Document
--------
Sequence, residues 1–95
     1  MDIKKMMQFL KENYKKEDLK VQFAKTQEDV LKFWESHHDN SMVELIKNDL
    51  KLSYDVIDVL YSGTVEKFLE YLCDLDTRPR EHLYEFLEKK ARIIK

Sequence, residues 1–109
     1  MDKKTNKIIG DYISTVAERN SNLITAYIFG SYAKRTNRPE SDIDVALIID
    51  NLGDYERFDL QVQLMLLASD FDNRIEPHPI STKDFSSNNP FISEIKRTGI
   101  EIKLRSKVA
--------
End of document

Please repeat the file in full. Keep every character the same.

Sequence, residues 1–95
     1  MDIKKMMQFL KENYKKEDLK VQFAKTQEDV LKFWESHHDN SMVELIKNDL
    51  KLSYDVIDVL YSGTVEKFLE YLCDLDTRPR EHLYEFLEKK ARIIK

Sequence, residues 1–109
     1  MDKKTNKIIG DYISTVAERN SNLITAYIFG SYAKRTNRPE SDIDVALIID
    51  NLGDYERFDL QVQLMLLASD FDNRIEPHPI STKDFSSNNP FISEIKRTGI
   101  EIKLRSKVA